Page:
Dancing is Political

April 2017

Review of MaerzMusik, Berlin 2017

Published by Seismograf

“How can a festival live up to the fact that it is a public, communal, and hence a political space?” this was the question posed by Berno Odo Polzer , artistic director of MaerzMusik, in this year’s editorial note.

In times of mass migration, change, and political instability on both global and local scales, the festival’s made the important decision not to shy away from these issues, but rather to engage with them heads-on. Creating a community that corresponds with the current state of affairs is not an easy challenge, all the more so given the relatively insulated environment within which contemporary music is often produced and consumed nowadays. Reconciling this political ambition with the confines of the festival and its homogeneous intellectual-class audience creates tension. In a short conversation Polzer acknowledged this tension: “the first step is recognizing one’s privilege”. Polzer is keen to create a political debate in the new music scene.

One way to do so, was by hosting a “thinking together” conference, held this year under the title: “Decolonizing Time”. In the words of theoretician Donna Haraway this means “[…]coming to inhabit multiple temporalities, coming to inhabit enfolded and entangled times that are ontologically complex […] learning to inhabit these times of urgent trouble with a memory that is not and has never been all of time, including all of now […]”. The conference hosted a three day Gender Relations in New Music workshop led by Georgina Born , Ashley Fure and

Arnbjörg María Danielsen as a positive continuation of the GRID events in Darmstadt last summer.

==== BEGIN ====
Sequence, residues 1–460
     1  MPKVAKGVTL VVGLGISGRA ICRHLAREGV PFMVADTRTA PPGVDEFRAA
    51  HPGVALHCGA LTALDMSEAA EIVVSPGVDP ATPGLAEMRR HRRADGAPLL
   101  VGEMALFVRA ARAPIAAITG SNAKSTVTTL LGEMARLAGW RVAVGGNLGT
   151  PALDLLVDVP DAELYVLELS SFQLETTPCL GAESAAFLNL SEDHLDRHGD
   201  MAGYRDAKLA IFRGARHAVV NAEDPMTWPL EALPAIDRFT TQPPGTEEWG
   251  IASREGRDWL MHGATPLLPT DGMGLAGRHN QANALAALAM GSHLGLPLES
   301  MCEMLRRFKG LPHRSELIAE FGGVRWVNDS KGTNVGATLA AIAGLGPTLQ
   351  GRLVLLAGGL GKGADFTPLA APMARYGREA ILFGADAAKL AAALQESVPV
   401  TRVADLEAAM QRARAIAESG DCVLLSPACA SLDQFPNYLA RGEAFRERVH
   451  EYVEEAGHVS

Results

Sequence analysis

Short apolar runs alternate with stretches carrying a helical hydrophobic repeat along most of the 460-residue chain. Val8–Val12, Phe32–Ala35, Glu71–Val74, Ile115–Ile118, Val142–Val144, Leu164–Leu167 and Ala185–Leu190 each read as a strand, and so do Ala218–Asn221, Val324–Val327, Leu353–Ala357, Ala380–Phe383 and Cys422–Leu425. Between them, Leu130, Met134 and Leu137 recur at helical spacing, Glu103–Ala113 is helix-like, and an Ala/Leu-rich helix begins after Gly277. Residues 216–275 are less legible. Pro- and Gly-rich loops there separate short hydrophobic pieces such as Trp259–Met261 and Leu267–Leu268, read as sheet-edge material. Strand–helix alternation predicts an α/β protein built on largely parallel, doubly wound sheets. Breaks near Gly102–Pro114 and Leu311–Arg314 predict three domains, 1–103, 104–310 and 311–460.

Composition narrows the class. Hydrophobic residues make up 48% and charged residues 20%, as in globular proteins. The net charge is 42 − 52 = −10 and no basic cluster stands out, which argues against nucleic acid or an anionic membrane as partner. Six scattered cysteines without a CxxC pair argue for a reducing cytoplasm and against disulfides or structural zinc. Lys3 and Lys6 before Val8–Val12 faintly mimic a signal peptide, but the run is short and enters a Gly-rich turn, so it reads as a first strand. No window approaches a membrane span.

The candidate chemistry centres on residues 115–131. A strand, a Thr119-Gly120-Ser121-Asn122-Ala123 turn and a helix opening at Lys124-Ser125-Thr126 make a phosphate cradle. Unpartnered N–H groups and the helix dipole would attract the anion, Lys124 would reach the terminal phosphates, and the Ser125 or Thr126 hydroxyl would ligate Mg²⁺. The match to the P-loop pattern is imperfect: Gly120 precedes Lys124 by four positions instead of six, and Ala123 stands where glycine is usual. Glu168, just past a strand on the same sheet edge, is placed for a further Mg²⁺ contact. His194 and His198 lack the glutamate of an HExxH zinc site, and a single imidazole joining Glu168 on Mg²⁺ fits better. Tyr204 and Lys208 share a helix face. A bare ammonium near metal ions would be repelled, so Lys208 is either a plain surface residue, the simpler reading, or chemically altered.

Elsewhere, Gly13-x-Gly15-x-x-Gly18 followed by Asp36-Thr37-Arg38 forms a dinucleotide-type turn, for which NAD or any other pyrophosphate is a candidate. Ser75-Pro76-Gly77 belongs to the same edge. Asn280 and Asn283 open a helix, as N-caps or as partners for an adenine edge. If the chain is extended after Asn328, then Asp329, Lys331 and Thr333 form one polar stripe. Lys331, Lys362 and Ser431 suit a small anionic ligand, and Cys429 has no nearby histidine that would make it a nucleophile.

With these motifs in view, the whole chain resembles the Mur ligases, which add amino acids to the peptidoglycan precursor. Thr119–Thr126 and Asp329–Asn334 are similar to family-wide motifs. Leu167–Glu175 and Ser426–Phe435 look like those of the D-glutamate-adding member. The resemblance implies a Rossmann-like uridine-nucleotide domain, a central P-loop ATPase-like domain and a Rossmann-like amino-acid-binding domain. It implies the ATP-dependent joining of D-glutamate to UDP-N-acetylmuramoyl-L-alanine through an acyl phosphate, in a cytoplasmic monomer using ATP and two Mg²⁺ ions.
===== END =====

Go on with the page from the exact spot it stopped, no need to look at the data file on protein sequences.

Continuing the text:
This year’s program presented an inclusive and diverse spectrum of works by composers, performers, musicologists and philosophers. It is the curation of this festival that makes it quite wonderful to visit – where else could one watch a video-essay-composition from the 70s, followed by a grandiose performance of a recent composition by the vocalist Eva Ritter together with Ensemble Ictus , then juxtaposed by a late night recital of Maronite and Byzantine songs and motets performed by the Belgian Ensemble Graindelavoix in a nearby church?

The opening night of the festival presented three pieces by African-American composer, pianist, vocalist and dancer Julius Eastman , whose work often deals with questions of race and gender. Eastman is considered to be one of the pioneers of the minimalist movement, and is known as one of the first composers to integrate pop music elements in his music. He passed away at the age of 49 in New York, and only gained wider recognition posthumously.

The concert hall was rendered into a ampitheater of sorts, allowing the listeners to sit around the four grand pianos. The four pianists performed to a sold out Berliner Festspiele, opening the concert with the energetic, almost demonic, Evil Nigger.

All three pieces consist of a rapid repetition of notes, the harmonies changing every minute and a half. A long drone is created through the relentless repetition, filling the concert hall and the listener’s bodies with a resounding tone and fierce overtones. In Evil Nigger the falling fourth motif played throughout the piece resembles the opening of Mahler’s fourth symphony, and “Gay Guerilla” is known for quoting the Lutheran hymn “A Mighty Fortress Is Our God” as a gay manifesto.

During a short intermission, a rare recording of Eastman in which he refers to his provocative work titles was played for the audience. Eastman elaborates about his use of the